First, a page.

I wish I had more analyses. Especially for northern breweries. As that would enable me to spot patterns much better. Though I suspect it might be confusing. Because, unlike London where all Mild was dark, northern breweries had a habit of brewing two Milds, one pale and one dark. At least ones in Yorkshire and Lancashire did.
You can see the practice a little in the table. Through Lees. They had a pale Ordinary Mild and a dark Best Mild. Which in itself is a bit unusual. They were usually the other way around, the stronger Mild being the paler one. No idea why that was different at Lees.
It’s a shame that I don’t have the FG for most examples. Because for those where I do, it’s exceptionally high, leaving a couple of beer over 4% ABV. I’m looking at Vaux in particular. Speaking of Vaux, I can remember their Mild. It was a pretty rare beer in its final days, the Northeast not being a great mild-drinking area. And, unlike the one in the table, was very dark as I recall.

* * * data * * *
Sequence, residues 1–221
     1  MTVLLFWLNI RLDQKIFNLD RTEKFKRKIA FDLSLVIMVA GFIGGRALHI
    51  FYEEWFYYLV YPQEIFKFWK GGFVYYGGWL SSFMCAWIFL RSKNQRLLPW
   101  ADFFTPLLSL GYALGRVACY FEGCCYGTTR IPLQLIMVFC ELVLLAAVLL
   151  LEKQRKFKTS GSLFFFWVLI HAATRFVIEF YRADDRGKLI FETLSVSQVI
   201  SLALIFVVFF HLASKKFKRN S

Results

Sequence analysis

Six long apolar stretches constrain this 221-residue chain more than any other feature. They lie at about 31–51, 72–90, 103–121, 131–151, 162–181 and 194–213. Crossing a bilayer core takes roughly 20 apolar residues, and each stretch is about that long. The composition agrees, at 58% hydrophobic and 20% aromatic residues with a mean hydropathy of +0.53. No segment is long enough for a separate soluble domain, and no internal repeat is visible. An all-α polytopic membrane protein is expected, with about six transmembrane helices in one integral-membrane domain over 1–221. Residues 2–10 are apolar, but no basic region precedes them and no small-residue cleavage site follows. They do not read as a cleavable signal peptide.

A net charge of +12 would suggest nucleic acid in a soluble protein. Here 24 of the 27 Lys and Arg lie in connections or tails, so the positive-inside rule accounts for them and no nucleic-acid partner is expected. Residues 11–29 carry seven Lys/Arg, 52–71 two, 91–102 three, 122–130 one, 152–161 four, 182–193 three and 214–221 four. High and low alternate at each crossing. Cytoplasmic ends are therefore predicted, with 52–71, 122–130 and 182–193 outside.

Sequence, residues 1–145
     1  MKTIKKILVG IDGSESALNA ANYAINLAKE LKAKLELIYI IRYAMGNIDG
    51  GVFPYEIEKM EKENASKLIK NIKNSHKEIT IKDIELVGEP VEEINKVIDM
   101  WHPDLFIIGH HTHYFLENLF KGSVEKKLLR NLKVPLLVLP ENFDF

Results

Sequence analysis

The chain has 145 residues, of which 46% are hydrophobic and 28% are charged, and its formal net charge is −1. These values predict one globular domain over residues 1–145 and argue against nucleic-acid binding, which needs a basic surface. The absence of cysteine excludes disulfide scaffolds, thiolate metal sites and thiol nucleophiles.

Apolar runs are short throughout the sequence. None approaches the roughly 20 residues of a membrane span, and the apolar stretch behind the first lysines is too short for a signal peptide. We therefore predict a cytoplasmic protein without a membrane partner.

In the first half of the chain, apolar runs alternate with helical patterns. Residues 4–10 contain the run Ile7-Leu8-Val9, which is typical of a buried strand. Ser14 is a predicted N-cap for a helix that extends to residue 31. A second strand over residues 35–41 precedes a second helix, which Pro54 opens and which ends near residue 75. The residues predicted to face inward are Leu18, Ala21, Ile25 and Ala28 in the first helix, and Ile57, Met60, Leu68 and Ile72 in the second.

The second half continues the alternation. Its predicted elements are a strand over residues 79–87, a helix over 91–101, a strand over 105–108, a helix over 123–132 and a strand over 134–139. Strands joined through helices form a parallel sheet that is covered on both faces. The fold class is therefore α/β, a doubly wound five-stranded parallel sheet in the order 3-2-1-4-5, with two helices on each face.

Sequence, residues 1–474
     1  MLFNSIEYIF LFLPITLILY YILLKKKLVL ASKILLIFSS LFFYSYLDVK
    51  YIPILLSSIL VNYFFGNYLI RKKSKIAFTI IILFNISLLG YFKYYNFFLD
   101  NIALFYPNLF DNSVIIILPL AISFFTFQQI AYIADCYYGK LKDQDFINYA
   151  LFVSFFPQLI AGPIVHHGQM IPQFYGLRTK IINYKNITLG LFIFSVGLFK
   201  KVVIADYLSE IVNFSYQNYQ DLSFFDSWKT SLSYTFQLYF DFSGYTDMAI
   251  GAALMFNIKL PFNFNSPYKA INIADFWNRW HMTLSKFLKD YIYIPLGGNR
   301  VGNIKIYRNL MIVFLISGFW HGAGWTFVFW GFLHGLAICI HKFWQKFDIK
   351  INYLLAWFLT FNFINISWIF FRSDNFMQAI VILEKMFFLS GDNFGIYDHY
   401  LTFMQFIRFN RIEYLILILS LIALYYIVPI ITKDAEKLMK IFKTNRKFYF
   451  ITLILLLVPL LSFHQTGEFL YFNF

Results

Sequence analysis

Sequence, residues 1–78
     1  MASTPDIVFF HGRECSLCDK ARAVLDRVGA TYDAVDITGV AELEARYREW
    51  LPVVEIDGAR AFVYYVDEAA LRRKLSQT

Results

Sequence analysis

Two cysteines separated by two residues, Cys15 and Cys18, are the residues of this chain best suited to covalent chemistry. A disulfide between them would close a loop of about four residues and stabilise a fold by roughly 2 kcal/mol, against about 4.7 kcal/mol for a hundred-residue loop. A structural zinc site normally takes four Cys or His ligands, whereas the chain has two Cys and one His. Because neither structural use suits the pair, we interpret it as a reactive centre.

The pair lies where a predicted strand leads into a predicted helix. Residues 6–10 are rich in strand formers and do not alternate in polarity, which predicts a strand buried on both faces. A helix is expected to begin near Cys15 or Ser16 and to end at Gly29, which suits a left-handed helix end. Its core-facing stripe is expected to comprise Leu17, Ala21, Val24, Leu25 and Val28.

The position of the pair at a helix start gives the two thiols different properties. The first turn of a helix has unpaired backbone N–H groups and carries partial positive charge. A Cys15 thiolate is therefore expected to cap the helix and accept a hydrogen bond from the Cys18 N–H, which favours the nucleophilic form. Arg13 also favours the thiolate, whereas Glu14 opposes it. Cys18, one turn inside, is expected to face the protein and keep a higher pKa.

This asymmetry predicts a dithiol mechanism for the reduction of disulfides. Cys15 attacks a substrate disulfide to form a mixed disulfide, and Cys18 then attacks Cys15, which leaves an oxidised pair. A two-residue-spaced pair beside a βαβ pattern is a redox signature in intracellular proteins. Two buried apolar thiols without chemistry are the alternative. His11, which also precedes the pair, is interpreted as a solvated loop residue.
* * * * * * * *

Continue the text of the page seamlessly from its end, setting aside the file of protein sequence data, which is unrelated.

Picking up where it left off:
Mild wasn’t very common by this period in Scotland. My suspicion is that these samples were taken south of the border. Probably in London, as they were performed by Truman. Younger had pubs selling their beer in the capital, both free houses and tied houses. These would have needed to have a Mild Ale to satisfy the demands of English drinkers. Which would explain why all the samples are dark in colour.
|Northern and Scottish Mild Ale 1950 - 1954|
|Year||Brewer||Beer||Price per pint d||Acidity||OG||FG||ABV||App. Atten-uation||colour|
|1951||Groves & Whitnall||Mild Ale||14||0.04||1030.6||1004.1||3.45||86.60%||50|
|1952||Hull Brewery||Mild Ale||16||0.05||1032.1||1005.6||3.44||82.55%||85|
|Lees brewing records held at the brewery.|
|Whitbread Gravity book held at the London Metropolitan Archives, document number LMA/4453/D/02/002.|
|Truman Gravity Book held at the London Metropolitan Archives, document number B/THB/C/252|
Where next? The southeast, I think.